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What are your study goals?

Updated: Oct 14, 2020

We have always been told to “aim to be the highest”, “strive for the best” and “study hard to excel”. Many of us struggle to reach that expectations, but some managed to.

Regardless of which side you are on, have you ever wondered what it is like once you have reached the “top”? So, what’s next? Do you… just move on with life?

This is the issue with setting such ambiguous study goals. Study goals that are unclear and have no direction you are actually trying to drive at, which ends up you being a lost soul that has no purpose in life.

We must learn to set specific study goals, so for example, instead of telling yourself that you will do your best to try and achieve higher grades than the previous times, you need to consider points like:

  • What were your grades in the past?

  • What grades are you aiming for now?

  • How much improvement are you trying to achieve in the next examinations compared to your past results?

  • The amount of time you are left with to hit those targets

  • Is it realistically possible to hit those targets with the amount of time left?

For example, if you scored a B4 in Mathematics, and you want to improve on your grades. Set to hit a B3 or even an A2 in your next examination! As to whether you want to hit a B3 or A2, consider the time you have left before the next examination.

If you are left with a month, a one grade jump to B3 would be good. However, if you are left with 2-3 months before your next examinations, work hard and aim for that A2! These targets are realistic and specific, which allows you to have a clear idea of how far off you are from your goals and monitor your progress steadily.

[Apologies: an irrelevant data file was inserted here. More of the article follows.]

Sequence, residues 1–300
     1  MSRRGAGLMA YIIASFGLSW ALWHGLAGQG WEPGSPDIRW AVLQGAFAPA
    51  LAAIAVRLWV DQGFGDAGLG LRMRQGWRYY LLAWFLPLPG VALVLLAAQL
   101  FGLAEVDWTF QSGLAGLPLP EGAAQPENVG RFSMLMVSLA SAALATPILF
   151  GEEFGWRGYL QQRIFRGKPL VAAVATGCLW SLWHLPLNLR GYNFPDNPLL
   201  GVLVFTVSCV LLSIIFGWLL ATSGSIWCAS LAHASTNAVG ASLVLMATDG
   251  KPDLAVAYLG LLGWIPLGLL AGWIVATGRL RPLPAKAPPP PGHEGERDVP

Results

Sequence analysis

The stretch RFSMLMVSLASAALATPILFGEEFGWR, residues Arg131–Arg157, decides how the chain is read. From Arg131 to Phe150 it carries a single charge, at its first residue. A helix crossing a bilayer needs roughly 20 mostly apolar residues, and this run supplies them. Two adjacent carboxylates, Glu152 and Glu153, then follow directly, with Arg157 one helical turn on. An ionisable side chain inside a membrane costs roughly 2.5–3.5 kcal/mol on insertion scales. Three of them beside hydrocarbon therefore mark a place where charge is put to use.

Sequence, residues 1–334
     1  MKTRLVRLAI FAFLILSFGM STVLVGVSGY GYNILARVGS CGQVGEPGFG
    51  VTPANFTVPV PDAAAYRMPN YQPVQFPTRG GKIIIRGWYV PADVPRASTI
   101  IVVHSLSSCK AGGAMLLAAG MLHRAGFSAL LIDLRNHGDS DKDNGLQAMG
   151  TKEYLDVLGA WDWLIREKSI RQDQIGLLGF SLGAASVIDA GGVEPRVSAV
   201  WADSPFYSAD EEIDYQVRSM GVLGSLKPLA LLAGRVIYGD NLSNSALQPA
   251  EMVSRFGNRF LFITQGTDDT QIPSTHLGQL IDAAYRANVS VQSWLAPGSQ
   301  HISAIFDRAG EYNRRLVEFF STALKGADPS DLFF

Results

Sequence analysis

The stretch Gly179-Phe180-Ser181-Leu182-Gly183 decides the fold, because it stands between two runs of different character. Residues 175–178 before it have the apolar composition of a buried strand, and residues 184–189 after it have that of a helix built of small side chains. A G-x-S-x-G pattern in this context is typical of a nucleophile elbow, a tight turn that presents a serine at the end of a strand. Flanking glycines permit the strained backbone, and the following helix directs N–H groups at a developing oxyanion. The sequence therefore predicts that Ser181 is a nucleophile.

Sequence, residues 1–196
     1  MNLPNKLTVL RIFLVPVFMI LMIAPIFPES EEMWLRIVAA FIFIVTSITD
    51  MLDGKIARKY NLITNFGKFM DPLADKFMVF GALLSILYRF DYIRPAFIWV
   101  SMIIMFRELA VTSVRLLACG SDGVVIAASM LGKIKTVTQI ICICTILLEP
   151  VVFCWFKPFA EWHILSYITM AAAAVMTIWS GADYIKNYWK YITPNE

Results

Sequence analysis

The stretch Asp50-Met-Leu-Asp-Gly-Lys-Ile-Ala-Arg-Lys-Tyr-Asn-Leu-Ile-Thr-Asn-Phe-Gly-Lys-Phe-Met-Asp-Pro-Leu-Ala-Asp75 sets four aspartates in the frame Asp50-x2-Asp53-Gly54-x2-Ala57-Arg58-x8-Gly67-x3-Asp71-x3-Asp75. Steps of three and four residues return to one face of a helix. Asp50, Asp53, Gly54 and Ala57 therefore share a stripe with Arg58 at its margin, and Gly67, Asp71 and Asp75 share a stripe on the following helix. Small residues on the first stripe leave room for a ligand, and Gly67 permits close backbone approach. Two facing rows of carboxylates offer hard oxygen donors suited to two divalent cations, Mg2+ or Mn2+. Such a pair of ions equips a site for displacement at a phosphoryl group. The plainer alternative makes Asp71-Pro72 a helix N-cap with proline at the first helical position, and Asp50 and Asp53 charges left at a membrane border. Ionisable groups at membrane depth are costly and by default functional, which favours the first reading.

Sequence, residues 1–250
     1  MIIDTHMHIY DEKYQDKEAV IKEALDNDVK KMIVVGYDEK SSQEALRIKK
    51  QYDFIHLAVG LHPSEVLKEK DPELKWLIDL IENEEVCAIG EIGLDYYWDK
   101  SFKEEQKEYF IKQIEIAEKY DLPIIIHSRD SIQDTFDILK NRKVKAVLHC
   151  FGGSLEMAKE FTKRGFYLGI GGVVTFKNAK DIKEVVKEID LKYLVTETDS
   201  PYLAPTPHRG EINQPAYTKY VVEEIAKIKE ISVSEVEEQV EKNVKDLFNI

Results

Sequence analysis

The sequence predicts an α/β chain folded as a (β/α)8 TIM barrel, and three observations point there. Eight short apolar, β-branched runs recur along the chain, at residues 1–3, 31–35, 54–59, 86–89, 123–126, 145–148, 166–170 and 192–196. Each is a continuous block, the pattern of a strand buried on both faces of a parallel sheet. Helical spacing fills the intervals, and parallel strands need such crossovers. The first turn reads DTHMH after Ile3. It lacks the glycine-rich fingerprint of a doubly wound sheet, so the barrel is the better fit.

As fixated and determined as you must in the attempt to achieve your study goals, the methods you use to try and achieve them speaks another story for itself. When you realize that the methods you are using are not working or are yielding very limited results, do NOT be afraid to change it up! It might take some time before finding an actual effective method that suits your study style, so take good notes of how useful each and every method is for your revisions.

When planning for study goals, you are bound to meet obstacles that will get in your way, hindering your progress. It is important to note that these obstacles are to be expected, and you must find ways to curb them.

For example, you plan to have a 1-hour revision after school every day, but find that you are too tired to do so on days where you have your basketball training sessions. So, for those days, you can try to either shift back the timing of the revision, meaning that you will study after you rest, or you can try to cut down the amount of time you spend studying on those days, like instead of a 1-hour session, reduce it to a 30-minutes session.

In conclusion, it is important to know what your exact study goals are, and not to only ponder over it after you have stumbled upon a hurdle in your life. You must learn to think far with clear checkpoints you want to hit in your life, even for your endeavors and careers. Stay focused and the future you will thank you for it.

With that, Math Lobby hopes that you have gained valuable insights from this article, for any questions or inquiries, do contact Math Lobby on Facebook, Instagram or on our website itself! and as always: Work hard, stay motivated and we wish all students a successful and enjoyable journey with Math Lobby!

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